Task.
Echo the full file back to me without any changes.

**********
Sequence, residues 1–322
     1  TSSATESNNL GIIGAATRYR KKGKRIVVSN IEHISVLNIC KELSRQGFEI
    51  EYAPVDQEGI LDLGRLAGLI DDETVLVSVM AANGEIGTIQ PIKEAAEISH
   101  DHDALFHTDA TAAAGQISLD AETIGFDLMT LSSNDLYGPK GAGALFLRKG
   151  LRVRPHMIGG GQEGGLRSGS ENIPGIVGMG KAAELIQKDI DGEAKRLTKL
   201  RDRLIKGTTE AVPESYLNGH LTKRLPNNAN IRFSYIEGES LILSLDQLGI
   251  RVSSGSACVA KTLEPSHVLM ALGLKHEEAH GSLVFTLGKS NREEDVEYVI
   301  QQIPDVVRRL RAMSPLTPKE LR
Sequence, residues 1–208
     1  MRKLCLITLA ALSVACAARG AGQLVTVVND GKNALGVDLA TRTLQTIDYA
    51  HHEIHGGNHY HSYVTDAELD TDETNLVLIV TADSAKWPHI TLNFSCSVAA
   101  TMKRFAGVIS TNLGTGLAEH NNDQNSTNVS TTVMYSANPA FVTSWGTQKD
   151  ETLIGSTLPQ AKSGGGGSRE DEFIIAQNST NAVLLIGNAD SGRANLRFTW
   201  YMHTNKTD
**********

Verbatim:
Sequence, residues 1–322
     1  TSSATESNNL GIIGAATRYR KKGKRIVVSN IEHISVLNIC KELSRQGFEI
    51  EYAPVDQEGI LDLGRLAGLI DDETVLVSVM AANGEIGTIQ PIKEAAEISH
   101  DHDALFHTDA TAAAGQISLD AETIGFDLMT LSSNDLYGPK GAGALFLRKG
   151  LRVRPHMIGG GQEGGLRSGS ENIPGIVGMG KAAELIQKDI DGEAKRLTKL
   201  RDRLIKGTTE AVPESYLNGH LTKRLPNNAN IRFSYIEGES LILSLDQLGI
   251  RVSSGSACVA KTLEPSHVLM ALGLKHEEAH GSLVFTLGKS NREEDVEYVI
   301  QQIPDVVRRL RAMSPLTPKE LR
Sequence, residues 1–208
     1  MRKLCLITLA ALSVACAARG AGQLVTVVND GKNALGVDLA TRTLQTIDYA
    51  HHEIHGGNHY HSYVTDAELD TDETNLVLIV TADSAKWPHI TLNFSCSVAA
   101  TMKRFAGVIS TNLGTGLAEH NNDQNSTNVS TTVMYSANPA FVTSWGTQKD
   151  ETLIGSTLPQ AKSGGGGSRE DEFIIAQNST NAVLLIGNAD SGRANLRFTW
   201  YMHTNKTD